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EEAAO’s Character Network
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TÁR’s Character Network
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TÁR’s Character Centrality

Tár’s character network, which is shaped like a near-perfect wagon wheel revolving around Lydia Tár, illustrates the film’s tight focus on Tár’s perspective.

Few secondary characters used in the film interact with each other without Tár’s involvement, leading the audience to stay trapped within her headspace. Tár is a character study!

Section 2: Character Scores

The Character Score is a character analysis tool that helps us evaluate the strength of a script’s major characters.

This score is an overall indicator of a character’s potential, as it measures the defining character traits the audience will recognize. Strong characters are the foundation of good stories. A higher score is always better, as this character assessment correlates to the success of a series or film.

Let’s take a look at the Character Score for a breakout television character, Breaking Bad’s Walter White, as he is one of a few engaging examples of a Gold Standard character.

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Gold Standard Characters

Walter meets the Gold Standard!

He has a well developed personality, and audiences will easily recognize his standout personality traits such as arrogance, which he expresses through disdain for his job and students, and creativity, which he demonstrates when he synthesizes a gas on the spot that knocks out his enemies. These strong traits help the audience create a relationship with Walter and maximize their engagement with the narrative.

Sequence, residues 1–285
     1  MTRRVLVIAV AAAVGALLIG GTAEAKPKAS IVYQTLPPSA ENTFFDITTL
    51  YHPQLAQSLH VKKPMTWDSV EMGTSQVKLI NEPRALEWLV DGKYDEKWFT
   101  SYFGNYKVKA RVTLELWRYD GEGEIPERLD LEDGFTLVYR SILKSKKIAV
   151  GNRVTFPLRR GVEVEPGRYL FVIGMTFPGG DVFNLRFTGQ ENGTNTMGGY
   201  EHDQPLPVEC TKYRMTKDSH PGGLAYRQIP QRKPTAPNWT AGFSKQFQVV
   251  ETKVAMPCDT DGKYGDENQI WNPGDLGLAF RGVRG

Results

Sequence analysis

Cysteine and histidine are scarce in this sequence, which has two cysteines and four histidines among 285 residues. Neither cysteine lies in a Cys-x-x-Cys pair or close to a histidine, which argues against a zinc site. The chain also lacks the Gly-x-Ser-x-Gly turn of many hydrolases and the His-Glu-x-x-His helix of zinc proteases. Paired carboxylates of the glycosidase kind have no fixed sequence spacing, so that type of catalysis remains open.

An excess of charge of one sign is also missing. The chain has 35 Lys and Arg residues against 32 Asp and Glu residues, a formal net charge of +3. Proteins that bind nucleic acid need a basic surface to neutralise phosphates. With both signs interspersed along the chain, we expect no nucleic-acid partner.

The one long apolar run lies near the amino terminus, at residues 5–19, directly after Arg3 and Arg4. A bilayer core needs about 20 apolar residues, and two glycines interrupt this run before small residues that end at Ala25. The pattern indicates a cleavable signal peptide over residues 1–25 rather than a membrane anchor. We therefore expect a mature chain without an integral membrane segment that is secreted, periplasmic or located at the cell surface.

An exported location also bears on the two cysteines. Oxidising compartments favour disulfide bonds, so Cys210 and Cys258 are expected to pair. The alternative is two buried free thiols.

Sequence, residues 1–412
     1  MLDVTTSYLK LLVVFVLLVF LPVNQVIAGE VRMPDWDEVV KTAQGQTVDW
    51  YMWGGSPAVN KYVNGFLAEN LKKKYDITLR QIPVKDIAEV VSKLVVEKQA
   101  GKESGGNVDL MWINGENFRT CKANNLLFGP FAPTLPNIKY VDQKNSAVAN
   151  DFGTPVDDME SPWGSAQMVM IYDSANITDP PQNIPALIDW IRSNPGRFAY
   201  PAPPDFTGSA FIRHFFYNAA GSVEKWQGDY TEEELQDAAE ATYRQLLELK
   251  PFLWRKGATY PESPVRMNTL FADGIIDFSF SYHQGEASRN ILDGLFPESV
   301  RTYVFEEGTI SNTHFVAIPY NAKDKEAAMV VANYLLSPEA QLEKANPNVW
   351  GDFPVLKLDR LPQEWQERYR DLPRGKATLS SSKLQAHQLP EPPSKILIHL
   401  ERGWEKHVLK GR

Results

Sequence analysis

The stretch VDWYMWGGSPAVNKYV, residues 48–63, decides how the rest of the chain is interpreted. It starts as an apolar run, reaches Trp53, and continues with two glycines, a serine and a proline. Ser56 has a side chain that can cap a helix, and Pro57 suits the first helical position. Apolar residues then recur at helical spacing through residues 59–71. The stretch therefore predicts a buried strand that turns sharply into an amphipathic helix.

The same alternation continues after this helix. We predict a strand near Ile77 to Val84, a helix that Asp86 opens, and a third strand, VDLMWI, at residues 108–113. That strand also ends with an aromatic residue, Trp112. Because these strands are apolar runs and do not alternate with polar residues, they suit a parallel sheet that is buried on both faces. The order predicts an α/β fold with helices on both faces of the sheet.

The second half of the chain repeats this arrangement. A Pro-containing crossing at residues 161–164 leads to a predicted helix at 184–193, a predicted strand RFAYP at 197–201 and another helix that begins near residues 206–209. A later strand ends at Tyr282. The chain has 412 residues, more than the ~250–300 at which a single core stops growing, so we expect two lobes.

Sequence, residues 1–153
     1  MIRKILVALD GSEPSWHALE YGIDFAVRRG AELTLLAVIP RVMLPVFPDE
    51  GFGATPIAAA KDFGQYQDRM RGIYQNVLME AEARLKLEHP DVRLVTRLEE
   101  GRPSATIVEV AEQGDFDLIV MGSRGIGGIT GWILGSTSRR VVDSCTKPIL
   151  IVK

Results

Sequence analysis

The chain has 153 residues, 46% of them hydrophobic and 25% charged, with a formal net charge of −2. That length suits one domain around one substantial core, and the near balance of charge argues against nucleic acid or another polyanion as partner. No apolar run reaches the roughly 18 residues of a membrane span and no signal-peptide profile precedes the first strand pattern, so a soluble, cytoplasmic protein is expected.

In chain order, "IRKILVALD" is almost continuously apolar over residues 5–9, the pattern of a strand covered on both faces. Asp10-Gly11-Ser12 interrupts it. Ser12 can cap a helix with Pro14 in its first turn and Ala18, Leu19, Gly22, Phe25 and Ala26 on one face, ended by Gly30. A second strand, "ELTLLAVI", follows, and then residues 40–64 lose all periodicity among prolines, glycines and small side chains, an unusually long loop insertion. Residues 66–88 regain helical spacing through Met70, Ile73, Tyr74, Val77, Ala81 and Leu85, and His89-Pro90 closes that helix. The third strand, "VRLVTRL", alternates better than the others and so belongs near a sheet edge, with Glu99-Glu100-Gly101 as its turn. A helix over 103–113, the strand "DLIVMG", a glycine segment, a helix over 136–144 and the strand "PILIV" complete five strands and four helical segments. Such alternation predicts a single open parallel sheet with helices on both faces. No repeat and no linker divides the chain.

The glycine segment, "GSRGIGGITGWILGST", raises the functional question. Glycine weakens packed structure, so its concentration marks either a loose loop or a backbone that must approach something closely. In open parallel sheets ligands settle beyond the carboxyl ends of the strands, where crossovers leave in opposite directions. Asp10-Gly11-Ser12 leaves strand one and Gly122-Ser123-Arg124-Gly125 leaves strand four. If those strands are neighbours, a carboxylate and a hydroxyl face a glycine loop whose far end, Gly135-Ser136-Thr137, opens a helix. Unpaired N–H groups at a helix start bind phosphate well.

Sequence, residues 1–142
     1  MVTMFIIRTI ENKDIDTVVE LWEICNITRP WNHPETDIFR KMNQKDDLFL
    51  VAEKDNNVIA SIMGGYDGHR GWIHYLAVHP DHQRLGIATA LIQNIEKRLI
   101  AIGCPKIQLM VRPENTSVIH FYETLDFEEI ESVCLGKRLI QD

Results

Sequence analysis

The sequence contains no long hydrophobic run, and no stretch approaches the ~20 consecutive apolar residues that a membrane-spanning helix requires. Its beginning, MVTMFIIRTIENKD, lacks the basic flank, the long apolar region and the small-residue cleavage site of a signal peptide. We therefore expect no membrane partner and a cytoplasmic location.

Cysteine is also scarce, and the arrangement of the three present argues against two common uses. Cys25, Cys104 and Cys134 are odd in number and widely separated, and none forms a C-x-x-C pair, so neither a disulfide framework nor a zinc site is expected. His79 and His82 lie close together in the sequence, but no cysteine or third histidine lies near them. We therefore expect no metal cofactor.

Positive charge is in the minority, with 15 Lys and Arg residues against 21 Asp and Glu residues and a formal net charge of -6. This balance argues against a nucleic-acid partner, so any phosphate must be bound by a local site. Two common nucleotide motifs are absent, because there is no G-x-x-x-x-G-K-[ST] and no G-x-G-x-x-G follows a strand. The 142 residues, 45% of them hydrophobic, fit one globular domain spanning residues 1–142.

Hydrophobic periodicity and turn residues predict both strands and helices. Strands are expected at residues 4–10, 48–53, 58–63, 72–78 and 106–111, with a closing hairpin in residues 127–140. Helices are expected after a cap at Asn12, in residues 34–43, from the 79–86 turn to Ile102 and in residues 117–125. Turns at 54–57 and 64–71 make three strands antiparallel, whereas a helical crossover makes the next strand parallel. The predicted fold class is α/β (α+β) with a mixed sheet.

Section 3: Major Character Breakdown

Characters are fictionalized people. Because of this, we use the lens of psychology and social science to understand how characters think, feel, behave, and interact with their story worlds.

Using NLP, we are able to perform dialogue and sentiment analysis.

We look at what major characters talk about and what they do, and deliver a detailed analysis of:

  1. Their Motives — what drives this character to act? How do they think?
  2. Their Behavior — how does this character interact with their story world?
  3. Audience Perception — how will an audience respond to this character?

Using this psychological framework, we can answer questions such as:

  • Who is this character?
  • How do they operate as drivers of plot?
  • Are they interesting enough to stand on their own, or should they be combined with another character?

Being able to answer these questions is fundamental to audience comprehension and enjoyment of narratives.

When Motives and Behavioral character traits are clearly represented (which we measure using our models), the audience can more easily discern how and why character decisions are meaningful in the larger context of the narrative. This maximizes the likelihood of audience engagement because it means they can follow the story.

Let’s break down each component of our psychological framework!


A character’s motivation refers to what drives them to act.